Sustain Employer-Employee Relationships & Retain Talent

Bright Horizons
One work-related consequence of the global economic crisis is that employees are feeling more stretched.? With fewer resources and the same or more work, productivity gains are being made, but at what long-term cost' While expressions of displeasure may have temporarily given way to a general contentment with people who are happy to be working, I am not sure that this good will is sustainable and organizations that think it will be are missing a few key points.

  1. Tough decisions made in challenging times may have short-term benefits and if not properly implemented do long-term harm.
  2. With a renewed economic confidence, there is likely to be a renewed sense of employment mobility.
According to a recent survey conducted by CareerBuilder, money talks! Holding on to Talent: Money Talks 'As businesses look to the future, they also have to consider how tough decisions made during the financial crisis have impacted job satisfaction and loyalty of their current staff members,' said Matt Ferguson, CEO of CareerBuilder.

'Fifty-five percent of workers plan to make a career change, seek out new employers or go back to school once the economic recovery is underway. In addition to competitive pay and benefits, showing a committed investment in the professional development of employees will play a key part in retaining critical talent. Nearly half of workers polled (49 percent) said that after the economy improves, the most effective way to keep them on board will be pay increases. In fact, 28 percent plan to ask for a raise. Employers seem amenable, with 40 percent stating that increasing pay will be their primary method for retaining top performers. Another 20 percent of employees said they hope for better benefits and perks once the economy turns around. The top perks workers expect are technology upgrades, followed by tuition reimbursement or subsidized training.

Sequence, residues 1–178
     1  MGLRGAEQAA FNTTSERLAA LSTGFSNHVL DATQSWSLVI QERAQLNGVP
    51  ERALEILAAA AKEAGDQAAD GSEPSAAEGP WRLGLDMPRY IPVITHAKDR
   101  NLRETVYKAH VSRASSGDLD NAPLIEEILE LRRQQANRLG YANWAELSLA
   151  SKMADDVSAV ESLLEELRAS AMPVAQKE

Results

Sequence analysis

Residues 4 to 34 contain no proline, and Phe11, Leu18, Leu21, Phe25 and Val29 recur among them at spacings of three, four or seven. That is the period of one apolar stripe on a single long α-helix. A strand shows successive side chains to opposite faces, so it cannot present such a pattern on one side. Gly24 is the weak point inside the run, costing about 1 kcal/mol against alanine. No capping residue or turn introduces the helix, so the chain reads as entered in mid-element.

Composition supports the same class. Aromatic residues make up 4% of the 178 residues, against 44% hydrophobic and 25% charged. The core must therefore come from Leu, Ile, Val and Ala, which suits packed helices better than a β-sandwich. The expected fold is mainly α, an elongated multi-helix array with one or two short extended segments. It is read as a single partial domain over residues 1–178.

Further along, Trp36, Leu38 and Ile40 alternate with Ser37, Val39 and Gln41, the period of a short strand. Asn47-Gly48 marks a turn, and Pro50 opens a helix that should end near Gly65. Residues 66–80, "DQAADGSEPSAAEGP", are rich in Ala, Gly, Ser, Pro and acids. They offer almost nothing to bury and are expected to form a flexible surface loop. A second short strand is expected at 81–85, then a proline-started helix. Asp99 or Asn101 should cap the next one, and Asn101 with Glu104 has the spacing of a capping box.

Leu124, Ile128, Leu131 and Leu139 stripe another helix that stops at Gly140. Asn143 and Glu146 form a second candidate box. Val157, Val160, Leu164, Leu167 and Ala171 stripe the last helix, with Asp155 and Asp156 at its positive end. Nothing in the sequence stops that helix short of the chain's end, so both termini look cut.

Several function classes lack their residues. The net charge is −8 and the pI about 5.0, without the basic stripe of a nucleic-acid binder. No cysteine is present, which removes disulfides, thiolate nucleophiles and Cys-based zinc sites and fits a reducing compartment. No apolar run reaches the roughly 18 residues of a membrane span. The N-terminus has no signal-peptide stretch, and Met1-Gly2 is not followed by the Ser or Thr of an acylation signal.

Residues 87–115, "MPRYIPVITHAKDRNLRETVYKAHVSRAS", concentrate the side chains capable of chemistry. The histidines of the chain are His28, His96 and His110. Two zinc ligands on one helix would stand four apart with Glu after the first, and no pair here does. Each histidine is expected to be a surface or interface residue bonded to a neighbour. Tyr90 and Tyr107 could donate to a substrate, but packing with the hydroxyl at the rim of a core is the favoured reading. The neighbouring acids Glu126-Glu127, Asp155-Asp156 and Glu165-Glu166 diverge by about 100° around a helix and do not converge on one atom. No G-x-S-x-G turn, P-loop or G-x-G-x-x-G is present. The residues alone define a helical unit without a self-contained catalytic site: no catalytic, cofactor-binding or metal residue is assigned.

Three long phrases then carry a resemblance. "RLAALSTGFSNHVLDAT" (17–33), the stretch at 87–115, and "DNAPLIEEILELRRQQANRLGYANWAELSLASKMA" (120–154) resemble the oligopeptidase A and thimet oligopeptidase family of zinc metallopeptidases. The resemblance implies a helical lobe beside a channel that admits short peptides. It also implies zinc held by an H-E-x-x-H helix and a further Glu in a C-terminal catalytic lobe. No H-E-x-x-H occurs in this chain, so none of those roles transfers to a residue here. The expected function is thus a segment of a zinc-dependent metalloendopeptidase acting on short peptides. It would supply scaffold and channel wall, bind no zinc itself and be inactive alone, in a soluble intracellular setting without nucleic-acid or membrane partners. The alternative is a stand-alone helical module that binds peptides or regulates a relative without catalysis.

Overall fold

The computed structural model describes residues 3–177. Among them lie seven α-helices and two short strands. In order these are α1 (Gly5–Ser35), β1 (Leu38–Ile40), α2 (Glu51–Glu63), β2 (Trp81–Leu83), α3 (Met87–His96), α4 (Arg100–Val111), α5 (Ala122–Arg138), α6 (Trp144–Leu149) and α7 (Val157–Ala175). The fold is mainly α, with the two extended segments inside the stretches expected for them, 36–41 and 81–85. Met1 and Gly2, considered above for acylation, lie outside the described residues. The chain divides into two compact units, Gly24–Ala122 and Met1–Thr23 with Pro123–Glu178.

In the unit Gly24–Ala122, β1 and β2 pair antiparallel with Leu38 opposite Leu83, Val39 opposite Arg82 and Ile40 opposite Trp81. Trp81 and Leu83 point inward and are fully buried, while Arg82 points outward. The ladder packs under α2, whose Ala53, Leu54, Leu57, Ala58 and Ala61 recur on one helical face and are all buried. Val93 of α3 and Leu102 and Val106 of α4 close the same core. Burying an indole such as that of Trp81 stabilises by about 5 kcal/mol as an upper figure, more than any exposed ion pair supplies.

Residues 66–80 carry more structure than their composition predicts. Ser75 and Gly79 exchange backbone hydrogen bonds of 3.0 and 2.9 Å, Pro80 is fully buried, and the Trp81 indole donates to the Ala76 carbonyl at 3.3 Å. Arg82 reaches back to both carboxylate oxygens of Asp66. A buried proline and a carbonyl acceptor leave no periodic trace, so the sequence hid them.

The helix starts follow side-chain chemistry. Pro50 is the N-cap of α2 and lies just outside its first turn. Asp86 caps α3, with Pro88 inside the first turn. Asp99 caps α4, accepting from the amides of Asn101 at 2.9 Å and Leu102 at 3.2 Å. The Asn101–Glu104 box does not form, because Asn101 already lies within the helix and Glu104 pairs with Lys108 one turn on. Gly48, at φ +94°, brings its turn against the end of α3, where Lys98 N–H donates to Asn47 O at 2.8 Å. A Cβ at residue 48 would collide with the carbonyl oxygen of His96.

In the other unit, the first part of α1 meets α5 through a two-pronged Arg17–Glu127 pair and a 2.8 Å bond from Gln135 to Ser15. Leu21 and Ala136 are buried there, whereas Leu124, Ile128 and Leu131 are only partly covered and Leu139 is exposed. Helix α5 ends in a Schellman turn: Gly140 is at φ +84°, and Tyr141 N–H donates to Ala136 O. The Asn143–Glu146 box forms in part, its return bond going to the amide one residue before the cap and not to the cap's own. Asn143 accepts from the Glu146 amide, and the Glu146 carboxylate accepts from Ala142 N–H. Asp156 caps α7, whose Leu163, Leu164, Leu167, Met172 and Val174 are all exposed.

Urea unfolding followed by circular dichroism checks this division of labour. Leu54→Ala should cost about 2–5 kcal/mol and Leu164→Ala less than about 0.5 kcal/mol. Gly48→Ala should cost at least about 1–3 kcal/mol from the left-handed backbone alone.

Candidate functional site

What Can Employers Do Now?

In my opinion, three things as it relates to people: Q x E x I =SVC, which means Quality x Execution x Impact = sustainable value creation.

1. Quality: Ask the right questions. Refine employee surveys to focus on changing expectations and post recovery measures of satisfaction. Update your people information.

2. Executable: Do what the organization has an appetite to execute vs. what the organization has the capacity to design. Rebuild trust by doing what you say!

3. Impact: Measure the impact, be flexible, adapt and re-measure. Real impact is the key!
Bright Horizons
About the Author
Bright Horizons
Bright Horizons
In 1986, our founders saw that child care was an enormous obstacle for working parents. On-site centers became one way we responded to help employees – and organizations -- work better. Today we offer child care, elder care, and help for education and careers -- tools used by more than 1,000 of the world’s top employers and that power many of the world's best brands
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